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Decellularization in Heart Valve Tissue Engineering

  • Katherine M. Copeland
  • Bo Wang
  • Xiaodan Shi
  • Dan T. Simionescu
  • Yi Hong
  • Pietro Bajona
  • Michael S. Sacks
  • Jun LiaoEmail author
Chapter

Abstract

Annually, over 50,000 deaths are attributed to heart valve disease (HVD) in the United States. The most common treatment for HVD, such as stenosis and regurgitation, is total valve replacement using mechanical and bioprosthetic heart valves, which often results in subsequent surgery to replace failed implants. For the pediatric population especially, a viable valve implant with the potential to repair, remodel, and grow within the patient is a great clinical need. Recent research has demonstrated that tissue-engineered heart valves (TEHV) have the potential to deliver a viable valve replacement, which is constructed with scaffolds and functional cells. Acellular heart valve (HV) scaffolds obtained by decellularization, biological polymer scaffolds, and synthetic polymer scaffolds have been widely used for TEHV fabrication, each having advantages and disadvantages. In this chapter, we focus on TEHV via a decellularization approach and provide a systematic review covering (1) the concepts of decellularization and current decellularization methods, (2) a comparative study showing how the ultrastructure and biomechanics of acellular HV scaffolds were affected by different decellularization methods, (3) the cell sources and bioreactor systems for TEHV reseeding, conditioning, and integrity testing, and (4) the current accomplishments of HV decellularization in animal studies and clinical trials and the challenges in moving this approach toward clinical applications.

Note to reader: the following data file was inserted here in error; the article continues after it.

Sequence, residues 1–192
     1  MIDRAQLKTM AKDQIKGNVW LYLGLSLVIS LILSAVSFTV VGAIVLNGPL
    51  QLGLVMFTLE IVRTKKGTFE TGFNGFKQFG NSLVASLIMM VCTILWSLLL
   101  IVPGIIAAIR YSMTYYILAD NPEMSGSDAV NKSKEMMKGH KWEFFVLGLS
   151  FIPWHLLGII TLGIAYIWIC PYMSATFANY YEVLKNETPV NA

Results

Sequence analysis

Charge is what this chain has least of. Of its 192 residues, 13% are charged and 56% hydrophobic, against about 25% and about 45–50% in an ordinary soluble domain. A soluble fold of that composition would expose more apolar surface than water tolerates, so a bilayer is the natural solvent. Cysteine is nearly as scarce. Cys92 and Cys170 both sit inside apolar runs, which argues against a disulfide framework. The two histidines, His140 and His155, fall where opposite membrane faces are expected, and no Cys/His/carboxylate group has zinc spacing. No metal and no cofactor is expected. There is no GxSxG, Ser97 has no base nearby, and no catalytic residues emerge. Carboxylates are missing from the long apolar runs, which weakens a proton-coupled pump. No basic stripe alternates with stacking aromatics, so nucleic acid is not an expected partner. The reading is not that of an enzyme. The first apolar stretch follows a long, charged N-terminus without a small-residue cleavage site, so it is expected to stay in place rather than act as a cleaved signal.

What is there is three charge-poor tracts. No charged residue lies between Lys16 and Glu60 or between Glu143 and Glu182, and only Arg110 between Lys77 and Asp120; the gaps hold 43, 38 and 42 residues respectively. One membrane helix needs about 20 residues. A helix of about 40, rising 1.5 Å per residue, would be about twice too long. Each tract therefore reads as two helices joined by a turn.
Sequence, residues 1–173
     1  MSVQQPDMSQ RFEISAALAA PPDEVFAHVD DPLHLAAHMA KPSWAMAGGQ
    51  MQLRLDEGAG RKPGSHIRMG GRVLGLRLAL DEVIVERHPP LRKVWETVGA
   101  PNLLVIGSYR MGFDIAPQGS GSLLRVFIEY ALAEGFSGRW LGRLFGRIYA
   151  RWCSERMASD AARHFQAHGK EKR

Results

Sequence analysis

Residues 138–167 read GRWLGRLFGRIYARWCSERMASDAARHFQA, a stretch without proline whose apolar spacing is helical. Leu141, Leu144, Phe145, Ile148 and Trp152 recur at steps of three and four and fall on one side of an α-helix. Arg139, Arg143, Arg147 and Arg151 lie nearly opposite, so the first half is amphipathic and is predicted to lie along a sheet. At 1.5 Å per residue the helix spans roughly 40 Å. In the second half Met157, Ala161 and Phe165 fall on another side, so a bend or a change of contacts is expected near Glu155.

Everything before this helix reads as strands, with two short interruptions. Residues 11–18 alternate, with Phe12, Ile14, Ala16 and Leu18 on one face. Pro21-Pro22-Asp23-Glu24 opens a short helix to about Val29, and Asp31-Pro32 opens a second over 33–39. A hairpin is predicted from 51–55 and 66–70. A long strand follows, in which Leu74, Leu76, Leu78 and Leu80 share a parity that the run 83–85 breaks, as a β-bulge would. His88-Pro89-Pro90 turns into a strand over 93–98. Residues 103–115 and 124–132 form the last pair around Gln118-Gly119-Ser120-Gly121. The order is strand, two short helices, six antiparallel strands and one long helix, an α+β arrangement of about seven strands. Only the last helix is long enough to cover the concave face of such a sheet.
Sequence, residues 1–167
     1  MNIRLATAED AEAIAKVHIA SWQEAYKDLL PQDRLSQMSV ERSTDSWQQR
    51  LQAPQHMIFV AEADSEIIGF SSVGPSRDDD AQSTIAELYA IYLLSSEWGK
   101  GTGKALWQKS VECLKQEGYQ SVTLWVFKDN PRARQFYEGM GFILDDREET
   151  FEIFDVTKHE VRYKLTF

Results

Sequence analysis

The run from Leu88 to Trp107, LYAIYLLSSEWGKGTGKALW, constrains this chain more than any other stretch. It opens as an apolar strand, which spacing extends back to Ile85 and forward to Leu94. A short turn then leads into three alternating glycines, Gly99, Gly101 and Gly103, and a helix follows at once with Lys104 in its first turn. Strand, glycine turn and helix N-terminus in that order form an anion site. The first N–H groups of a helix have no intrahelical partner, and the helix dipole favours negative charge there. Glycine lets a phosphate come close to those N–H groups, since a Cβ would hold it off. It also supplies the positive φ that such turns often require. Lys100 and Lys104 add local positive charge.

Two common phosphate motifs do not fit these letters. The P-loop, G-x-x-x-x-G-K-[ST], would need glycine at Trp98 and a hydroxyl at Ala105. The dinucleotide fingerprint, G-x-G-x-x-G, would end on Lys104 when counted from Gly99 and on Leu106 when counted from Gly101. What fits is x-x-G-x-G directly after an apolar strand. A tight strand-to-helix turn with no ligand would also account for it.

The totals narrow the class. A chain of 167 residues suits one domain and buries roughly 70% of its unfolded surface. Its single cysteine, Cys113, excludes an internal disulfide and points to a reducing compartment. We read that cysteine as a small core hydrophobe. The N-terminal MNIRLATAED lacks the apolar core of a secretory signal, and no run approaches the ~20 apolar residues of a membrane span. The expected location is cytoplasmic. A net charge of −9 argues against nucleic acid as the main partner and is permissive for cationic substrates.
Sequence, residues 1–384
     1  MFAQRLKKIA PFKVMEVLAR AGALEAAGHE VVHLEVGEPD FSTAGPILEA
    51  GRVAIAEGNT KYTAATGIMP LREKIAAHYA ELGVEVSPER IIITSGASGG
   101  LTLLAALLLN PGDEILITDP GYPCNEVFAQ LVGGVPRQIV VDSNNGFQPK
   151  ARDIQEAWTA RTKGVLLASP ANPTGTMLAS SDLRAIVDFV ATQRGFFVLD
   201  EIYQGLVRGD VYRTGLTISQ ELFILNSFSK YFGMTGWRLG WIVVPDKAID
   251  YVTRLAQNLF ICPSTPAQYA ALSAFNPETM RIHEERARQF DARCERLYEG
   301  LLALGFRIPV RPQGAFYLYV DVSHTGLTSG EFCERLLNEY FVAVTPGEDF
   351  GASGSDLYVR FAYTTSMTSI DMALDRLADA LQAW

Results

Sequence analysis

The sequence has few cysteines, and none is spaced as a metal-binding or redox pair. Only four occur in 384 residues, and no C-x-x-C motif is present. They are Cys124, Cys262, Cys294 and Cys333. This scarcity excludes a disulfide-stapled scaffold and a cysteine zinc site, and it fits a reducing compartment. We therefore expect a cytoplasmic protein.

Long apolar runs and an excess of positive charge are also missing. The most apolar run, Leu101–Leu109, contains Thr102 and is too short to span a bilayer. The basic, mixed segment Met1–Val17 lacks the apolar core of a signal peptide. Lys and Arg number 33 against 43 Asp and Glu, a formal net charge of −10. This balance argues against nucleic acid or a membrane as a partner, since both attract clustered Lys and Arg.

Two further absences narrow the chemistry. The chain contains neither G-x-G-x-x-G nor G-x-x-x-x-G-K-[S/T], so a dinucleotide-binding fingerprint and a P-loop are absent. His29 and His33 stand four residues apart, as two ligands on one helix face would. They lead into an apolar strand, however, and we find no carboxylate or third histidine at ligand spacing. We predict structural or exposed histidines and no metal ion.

Keywords

Heart valves Decellularization Aortic valve leaflets Acellular valve scaffolds Extracellular matrix Trilayered structure Collagen Elastin Proteoglycans Tissue engineering Bioreactors Valve replacements 

Notes

Acknowledgments

This work is supported in part by AHA BGIA-0565346U, GRNT17150041, NIH 1R01EB022018-01, 1R56HL130950-01, 1R15HL140503, T32HL134613, and NSF CAREER #1554835. The authors also thank the support from the Competitiveness Operational Programme 2014–2020, ID P_37_673, MySMIS code: 103431, contract 50/05.09.2016 and the Harriet and Jerry Dempsey Bioengineering Professorship.

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Copyright information

© Springer Nature Switzerland AG 2018

Authors and Affiliations

  • Katherine M. Copeland
    • 1
  • Bo Wang
    • 2
  • Xiaodan Shi
    • 1
  • Dan T. Simionescu
    • 3
  • Yi Hong
    • 1
  • Pietro Bajona
    • 4
  • Michael S. Sacks
    • 5
  • Jun Liao
    • 6
    Email author
  1. 1.Department of BioengineeringUniversity of Texas at ArlingtonArlingtonUSA
  2. 2.College of Science, Mathematics and TechnologyAlabama State UniversityMontgomeryUSA
  3. 3.Department of BioengineeringClemson UniversityClemsonUSA
  4. 4.Department of Cardiovascular and Thoracic SurgeryUniversity of Texas Southwestern Medical CenterDallasUSA
  5. 5.The Oden Institute and the Department of Biomedical EngineeringThe University of Texas at AustinAustinUSA
  6. 6.Tissue Biomechanics and Bioengineering Laboratory, The Department of BioengineeringThe University of Texas at ArlingtonArlingtonUSA

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